How easy it is to use the product is also important, especially if you’re not an experienced caulker. Sealants such as rubber butyl, polyurethane, and silicone are more durable, but they’re also tougher to use. Any type of latex caulk is easier to apply, clean up, and work with than other types of caulk.
The area where you’re applying the sealant also makes a difference in which type would be the best exterior caulk for you. If the caulk needs to be neat, tidy, and aesthetically pleasing, then latex and acrylic latex are your best bet. Silicone and polyurethane products are usually thicker and gooier, making them more difficult to apply neatly.
Not every type of caulk can stand up to extreme temperatures, whether they be hot or cold. Some may have difficulty setting up initially in extreme heat, while others may not be suitable for homes in very cold or windy environments. Humidity, rain, snow, and sun exposure also play a role in which would be the best exterior caulk for you.
Just as you do with paints and stains, you should always check the label of your caulk to see which surfaces they can adhere to. “Latex concrete,” silicone, polyurethane, and butyl rubber caulk are the best exterior caulk choices for mortar, brick, and rock surfaces. Wood, however, might require more delicate caulking, such as latex or acrylic latex.
Color isn’t a big deal if you’re using latex or acrylic latex caulk because you can paint over it. Polyurethane and rubber butyl can also be painted over. Silicone, however, doesn’t adhere well to paint, so the color is something to keep in mind when making your sealant selection. Luckily, because of how difficult sealant is to paint, many colors are available to choose from.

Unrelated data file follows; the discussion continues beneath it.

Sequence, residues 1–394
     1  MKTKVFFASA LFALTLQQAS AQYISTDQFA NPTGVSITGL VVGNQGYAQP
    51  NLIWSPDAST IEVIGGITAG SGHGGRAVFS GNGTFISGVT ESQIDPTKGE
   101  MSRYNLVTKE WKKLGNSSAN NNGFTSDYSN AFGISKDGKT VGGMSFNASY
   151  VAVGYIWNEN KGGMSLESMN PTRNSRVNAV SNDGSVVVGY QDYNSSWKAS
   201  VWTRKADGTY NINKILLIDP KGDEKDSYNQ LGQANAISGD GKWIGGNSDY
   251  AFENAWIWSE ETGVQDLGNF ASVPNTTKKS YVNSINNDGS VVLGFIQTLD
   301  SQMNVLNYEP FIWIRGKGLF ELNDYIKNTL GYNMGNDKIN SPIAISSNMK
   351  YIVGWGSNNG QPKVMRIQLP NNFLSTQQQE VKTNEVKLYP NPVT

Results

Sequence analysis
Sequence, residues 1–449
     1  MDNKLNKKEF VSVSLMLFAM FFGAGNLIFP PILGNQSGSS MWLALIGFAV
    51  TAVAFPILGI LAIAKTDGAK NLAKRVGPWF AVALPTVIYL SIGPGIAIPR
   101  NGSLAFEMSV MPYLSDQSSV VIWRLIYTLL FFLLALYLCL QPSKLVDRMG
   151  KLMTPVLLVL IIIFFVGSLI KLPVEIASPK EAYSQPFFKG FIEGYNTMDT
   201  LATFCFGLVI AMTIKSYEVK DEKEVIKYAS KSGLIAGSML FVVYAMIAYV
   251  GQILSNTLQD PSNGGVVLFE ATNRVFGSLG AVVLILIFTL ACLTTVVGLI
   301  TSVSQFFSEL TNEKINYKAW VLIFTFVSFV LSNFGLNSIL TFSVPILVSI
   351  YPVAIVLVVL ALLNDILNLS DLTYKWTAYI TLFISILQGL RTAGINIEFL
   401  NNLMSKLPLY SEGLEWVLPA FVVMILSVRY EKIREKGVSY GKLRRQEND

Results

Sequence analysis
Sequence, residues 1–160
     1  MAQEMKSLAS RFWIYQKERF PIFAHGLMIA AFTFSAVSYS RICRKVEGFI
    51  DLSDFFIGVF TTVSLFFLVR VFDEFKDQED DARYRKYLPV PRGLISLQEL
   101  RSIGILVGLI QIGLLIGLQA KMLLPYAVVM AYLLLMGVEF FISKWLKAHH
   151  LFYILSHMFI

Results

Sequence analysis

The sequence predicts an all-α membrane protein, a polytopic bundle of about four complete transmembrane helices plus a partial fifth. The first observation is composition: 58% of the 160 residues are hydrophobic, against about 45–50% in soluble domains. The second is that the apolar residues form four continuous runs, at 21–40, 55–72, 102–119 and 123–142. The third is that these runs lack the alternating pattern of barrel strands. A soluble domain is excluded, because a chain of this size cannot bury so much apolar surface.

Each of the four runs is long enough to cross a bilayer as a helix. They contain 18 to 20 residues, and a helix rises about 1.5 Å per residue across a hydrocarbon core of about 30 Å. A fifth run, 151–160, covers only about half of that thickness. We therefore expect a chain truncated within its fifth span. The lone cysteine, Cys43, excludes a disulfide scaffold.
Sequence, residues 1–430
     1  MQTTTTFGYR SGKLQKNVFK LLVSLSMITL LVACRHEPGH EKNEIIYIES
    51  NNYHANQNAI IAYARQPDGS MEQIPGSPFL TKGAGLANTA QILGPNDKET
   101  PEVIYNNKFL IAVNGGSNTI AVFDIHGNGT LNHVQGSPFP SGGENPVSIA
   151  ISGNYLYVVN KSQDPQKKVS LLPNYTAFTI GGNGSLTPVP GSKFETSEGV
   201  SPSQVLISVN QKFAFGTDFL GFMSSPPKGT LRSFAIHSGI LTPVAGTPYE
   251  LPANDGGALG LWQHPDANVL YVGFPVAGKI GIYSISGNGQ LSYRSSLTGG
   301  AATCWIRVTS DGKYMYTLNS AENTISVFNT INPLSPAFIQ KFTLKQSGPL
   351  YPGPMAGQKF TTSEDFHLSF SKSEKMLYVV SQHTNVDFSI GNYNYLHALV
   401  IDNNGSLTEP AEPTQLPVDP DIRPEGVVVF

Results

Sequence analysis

Curing time for caulking refers to the amount of time it takes to dry completely from the inside to the outside. Curing time depends on the product you choose and the conditions you apply it in. Typically, all types of exterior caulk will dry within half an hour, but the curing time is closer to several days.
Wrapping Up the Best Exterior Caulk
As you can see, there are a ton of things to keep in mind when choosing the best exterior caulking for outdoors or sealant for your project. It’s important to keep each of the previously mentioned factors in mind and never apply caulking in an area that isn’t designed for it. Caulk is a great all-around tool, but it’s not a cure-all for every situation.
If you’re going to caulk an exterior area that will be seen close up, like around a ground-level window, it might be worth it to use acrylic latex or latex since these are easier for the paint to bond to. If durability is your priority and it’s an area that won’t be seen frequently, then polyurethane or silicone will be a better choice, even though they are messier to apply because they will last longer and don’t need to look pretty.
You should also make sure to perform a practice run with your caulk and caulk gun before permanently applying it to a surface. With a little practice and prep work, you’ll soon have your house sealed up tighter than Fort Knox.
Check out our Exterior Painting page for even more information on exterior painting, paints, and products.
I’ve been a professional painter since 2001 and spent the last 12 years specializing in kitchen cabinet refinishing. I started the DIY Painting Tips blog in 2015 to start sharing everything I’ve learned over the years and help all the people who’d rather tackle their painting projects themselves. In 2019 I started the DIY Painting Tips Youtube channel where I publish in depth videos all about kitchen cabinet painting, painting gear reviews, and interior/exterior tutorials.